Published by Rick on Tagged Uncategorized

              This is all about me, as in “Why does this happen to me?” True, I’m not the one who’s going in Monday for surgery to remove a cancerous growth, followed by several months of chemotherapy which will sap what little strength the body has. No, my girlfriend of the past 18 months, a lovely lady named Eileen Cadman, is the one who will be enduring it, but because I’m her boyfriend and relatively healthy (a miracle in itself considering the minimal care I’ve given my body over the years), it’s up to me to be with her as close to 24/7 as I can possibly be. About the most strenuous activity she’ll be able to perform unassisted is lifting a cup of tea to her mouth. Anything more taxing than that is pretty much out of the question, and it will be up to me to do all the house cleaning, laundry, cooking, and errands.

                 This is a place I’ve never been before. I’m the person she’s depending on the most, and while I want to do everything I possibly can to help her to a complete recovery, there’s no guarantee that I’m not going to screw up several times along the way. That worries me a lot. Will I be able to cope with the inherent stress? I’m the one that HAS to be there, as her surviving family members don’t live near London, she has no children, and while she has a lot of longtime friends, none are in a position where they could drop everything else and give her the full attention she needs. Out of the sudden poison I seem to have become on the comedy circuit, my dearth of gigs make me that much more available for her. I would still like to be able to perform, but it appears that any gig that would involve being away for more than 24 hours would be a major risk for both of us. I’m gigging next weekend (so far), but both are within an hour from London, and she’ll most likely still be in the hospital then anyway.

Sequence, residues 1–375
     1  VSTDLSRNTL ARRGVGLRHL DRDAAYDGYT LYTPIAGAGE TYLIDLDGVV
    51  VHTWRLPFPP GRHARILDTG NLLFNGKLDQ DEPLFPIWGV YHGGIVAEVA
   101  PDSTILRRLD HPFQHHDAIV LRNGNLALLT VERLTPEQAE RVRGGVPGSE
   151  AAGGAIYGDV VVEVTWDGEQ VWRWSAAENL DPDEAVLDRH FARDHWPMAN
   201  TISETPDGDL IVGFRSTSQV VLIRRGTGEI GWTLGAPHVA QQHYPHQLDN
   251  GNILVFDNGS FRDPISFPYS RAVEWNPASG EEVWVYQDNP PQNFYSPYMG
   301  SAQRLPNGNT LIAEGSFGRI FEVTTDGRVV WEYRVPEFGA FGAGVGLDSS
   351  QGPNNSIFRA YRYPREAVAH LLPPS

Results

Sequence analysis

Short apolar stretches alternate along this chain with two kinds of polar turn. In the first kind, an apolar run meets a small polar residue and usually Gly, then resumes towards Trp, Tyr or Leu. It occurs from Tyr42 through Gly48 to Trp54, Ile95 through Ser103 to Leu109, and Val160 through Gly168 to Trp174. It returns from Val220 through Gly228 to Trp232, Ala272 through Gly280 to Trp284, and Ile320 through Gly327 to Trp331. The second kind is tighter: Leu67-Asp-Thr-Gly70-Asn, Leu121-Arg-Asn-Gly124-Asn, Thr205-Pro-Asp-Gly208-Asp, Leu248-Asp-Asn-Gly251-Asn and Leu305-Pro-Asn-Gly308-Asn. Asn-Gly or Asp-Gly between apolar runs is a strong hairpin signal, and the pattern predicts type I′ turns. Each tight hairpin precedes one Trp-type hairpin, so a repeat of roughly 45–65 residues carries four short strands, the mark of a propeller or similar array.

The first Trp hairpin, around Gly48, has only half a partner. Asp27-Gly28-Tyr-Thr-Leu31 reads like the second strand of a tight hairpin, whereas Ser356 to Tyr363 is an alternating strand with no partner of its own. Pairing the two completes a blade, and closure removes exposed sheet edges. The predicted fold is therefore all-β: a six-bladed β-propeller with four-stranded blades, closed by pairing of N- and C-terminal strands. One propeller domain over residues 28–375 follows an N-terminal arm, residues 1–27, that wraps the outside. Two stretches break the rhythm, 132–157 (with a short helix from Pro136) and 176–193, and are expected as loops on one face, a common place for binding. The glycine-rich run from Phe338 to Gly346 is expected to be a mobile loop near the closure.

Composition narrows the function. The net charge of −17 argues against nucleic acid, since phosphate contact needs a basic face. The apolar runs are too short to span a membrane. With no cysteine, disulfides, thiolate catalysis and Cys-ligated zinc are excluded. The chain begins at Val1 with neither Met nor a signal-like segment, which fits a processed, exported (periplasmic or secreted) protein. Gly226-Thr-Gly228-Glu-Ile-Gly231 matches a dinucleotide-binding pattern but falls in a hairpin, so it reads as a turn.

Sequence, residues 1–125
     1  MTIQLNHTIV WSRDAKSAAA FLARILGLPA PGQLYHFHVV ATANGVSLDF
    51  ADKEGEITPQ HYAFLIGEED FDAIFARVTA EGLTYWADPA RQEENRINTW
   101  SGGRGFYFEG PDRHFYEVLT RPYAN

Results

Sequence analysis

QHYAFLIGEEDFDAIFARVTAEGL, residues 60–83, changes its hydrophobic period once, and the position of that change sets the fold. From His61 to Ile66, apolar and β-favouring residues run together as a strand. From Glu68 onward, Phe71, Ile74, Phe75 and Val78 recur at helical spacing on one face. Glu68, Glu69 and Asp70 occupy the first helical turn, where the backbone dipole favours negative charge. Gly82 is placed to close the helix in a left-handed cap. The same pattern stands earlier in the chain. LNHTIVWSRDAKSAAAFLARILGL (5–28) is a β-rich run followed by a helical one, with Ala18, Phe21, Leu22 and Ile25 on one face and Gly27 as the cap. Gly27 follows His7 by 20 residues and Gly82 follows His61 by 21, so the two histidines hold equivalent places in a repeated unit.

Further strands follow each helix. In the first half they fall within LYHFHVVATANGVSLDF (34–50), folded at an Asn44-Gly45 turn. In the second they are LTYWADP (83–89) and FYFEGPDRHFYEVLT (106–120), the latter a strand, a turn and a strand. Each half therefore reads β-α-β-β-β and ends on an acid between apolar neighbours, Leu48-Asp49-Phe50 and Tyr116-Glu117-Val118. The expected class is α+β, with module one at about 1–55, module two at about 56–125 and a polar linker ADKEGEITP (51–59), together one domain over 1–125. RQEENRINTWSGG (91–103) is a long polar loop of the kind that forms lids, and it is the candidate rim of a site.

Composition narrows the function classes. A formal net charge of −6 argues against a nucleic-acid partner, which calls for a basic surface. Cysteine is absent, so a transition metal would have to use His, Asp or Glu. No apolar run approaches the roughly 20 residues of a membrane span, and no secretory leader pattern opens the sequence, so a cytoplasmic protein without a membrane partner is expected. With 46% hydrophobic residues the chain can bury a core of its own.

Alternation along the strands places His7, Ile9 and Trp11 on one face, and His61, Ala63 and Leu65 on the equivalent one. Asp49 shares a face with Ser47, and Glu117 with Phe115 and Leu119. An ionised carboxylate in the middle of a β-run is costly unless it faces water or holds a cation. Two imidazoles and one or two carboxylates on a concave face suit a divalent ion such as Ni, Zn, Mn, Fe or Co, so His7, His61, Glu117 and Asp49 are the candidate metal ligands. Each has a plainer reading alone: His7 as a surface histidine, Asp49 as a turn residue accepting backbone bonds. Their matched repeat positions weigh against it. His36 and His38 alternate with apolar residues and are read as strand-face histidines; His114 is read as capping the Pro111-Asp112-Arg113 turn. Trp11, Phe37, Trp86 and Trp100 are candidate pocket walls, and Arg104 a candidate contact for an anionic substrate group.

I’ve never dealt with this crisis from a significant other, but perhaps it’s one of the pitfalls of growing older, in that your chances of dealing with it either from yourself or your loved one increase as the years pass by. Eileen always seemed healthy to me, but not that organic, vegan, high-on-life kind of healthy. Hers is the kind of strength and fitness you get from being a native Londoner and thus being better prepared for the shit sandwich life wants to lay upon you. But cancer doesn’t discriminate. Just pops up on whomever and at whatever time it feels inclined to do so. My mother got breast cancer at age 56, had the necessary procedures, recovered fine, only to die of bladder cancer 25 years later. 

                   The adventure begins a week from Monday, when she is released from the hospital and sent home. From there it will be many nights in where we have to avail ourselves of as much video and audio entertainment as we can obtain. She has no television, hasn’t had one for over 20 years, but that has not proven to be an issue in our relationship. Do I really need to follow “The Voice?” “American Idol?” Perhaps not. I will probably be spending almost every night away from Dagenham for the next couple of months, which makes me think I should give up my place and put my stuff in storage, or sublet, which probably the landlords wouldn’t allow.

                    If the whole situation drives me nuts, or drives me away, I’m sure it wouldn’t be the first time for either. But she’s special enough to me that I want to be there for her, be strong for her, show love for her, the whole enchilada. Her friends all think I’m the right person for this assignment, and I hope they’re right. I will no doubt be blogging more frequently to detail not only her progress, but my own as well. Thanks in advance for all your prayers and other support. 

Leave a Comment

You must be logged in to post a comment.